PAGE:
There is a reason why so many people are sipping on rejuvelac in between meals. First of all, rejuvelac contains amino acids that enhance protein digestibility. It also provides the colon with fresh probiotic or healthy microflora. These help the body fight off the bad bacteria which impede digestion causing gas, flatulence, hyperacidity, and other digestive issues.
Rejuvelac contains beneficial strains of bacteria, yeast, and other good microbes that also positively benefit the immune system.
Uses of rejuvelac
As a tonic
With its probiotic benefits and nutrition-rich content, rejuvelac can be taken as a tonic on a daily basis. It is rich in L.acidophilus, L.bifidus, and lactic acid. Having a tangy, lemony flavor, it is a delicious alternative to store-bought probiotic supplements.
As a cheese starter
Rejuvelac is a great natural starter for nut cheeses.
In soups and broths
With its tangy, cheesy flavour, rejuvelac can enhance the taste of soups, broths, and salad dressings. In fact, you can use it as a substitute for water in many recipes.
Potential side effects
If the rejuvelac fermentation process is followed properly, people should not experience any unwanted side effects after drinking this nutritious drink.
Store-bought rejuvelac can go bad after a few days. Remember: good quality rejuvelac tastes somewhere in between carbonated lemon water and liquid whey obtained after making yogurt.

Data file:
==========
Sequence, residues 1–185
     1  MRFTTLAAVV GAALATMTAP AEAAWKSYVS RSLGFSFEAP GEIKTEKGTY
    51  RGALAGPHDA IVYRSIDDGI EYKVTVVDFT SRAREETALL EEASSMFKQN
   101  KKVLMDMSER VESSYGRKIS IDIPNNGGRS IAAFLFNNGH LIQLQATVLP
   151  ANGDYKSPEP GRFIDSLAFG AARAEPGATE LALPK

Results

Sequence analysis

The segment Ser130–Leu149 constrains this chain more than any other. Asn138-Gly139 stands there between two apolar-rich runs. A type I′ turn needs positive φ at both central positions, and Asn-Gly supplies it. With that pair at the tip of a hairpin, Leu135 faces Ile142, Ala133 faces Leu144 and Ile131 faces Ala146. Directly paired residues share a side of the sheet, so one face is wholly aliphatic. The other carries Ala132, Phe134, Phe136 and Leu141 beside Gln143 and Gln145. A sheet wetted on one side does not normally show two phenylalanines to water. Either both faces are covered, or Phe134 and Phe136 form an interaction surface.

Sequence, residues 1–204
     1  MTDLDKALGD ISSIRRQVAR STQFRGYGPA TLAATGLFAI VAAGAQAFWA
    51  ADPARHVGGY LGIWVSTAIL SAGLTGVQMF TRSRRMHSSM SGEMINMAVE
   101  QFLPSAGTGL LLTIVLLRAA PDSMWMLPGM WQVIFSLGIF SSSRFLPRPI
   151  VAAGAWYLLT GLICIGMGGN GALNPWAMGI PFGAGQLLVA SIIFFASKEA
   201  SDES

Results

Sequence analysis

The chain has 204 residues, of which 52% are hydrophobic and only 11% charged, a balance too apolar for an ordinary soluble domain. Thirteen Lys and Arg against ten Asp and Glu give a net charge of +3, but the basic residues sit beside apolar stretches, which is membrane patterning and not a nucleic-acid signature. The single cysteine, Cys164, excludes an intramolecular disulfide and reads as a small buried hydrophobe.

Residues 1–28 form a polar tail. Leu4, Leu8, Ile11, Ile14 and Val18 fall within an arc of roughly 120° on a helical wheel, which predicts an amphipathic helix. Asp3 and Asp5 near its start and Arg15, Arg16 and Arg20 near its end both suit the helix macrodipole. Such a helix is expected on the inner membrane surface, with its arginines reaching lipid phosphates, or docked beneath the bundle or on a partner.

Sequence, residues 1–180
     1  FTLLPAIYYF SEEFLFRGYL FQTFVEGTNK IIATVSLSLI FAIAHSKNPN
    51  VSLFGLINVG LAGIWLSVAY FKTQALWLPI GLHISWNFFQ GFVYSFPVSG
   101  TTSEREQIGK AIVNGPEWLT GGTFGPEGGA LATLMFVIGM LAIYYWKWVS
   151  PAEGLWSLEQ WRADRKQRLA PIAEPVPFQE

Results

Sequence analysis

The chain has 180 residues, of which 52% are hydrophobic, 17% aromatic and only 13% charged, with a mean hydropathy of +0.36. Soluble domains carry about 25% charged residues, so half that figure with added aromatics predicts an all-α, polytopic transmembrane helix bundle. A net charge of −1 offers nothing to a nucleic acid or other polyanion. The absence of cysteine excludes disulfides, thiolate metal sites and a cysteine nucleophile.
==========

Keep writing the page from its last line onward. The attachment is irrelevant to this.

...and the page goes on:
Bad quality or spoilt rejuvelac has a putrid odour and taste and you must discard it right away. In general, rejuvelac has the ability to protect itself from bad or harmful bacteria. So, with careful preparation, it is completely safe to drink.
Some people experience mild side effects like stomach upset, diarrhea, gas, and nausea after drinking rejuvelac. But most have been able to tolerate it well. In fact, regular consumption of rejuvelac should reduce gas, nausea, bloating, and other digestive issues in most people.Print
This rejuvelac recipe uses un-sprouted grains but many people feel that unsprouted grains lend it an unpleasant flavour. So, you will find many recipes of rejuvelac using sprouted grains, especially sprouted wheat berries. You can experiment with both: sprouted and unsprouted grains. Proponents of sprouted recipes feel that sprouting gives the drink a better flavour that will remind you of lemons and cheese.
- 1 cup wheat berries
- 3 cups filtered or spring water
- Glass jar with wide mouth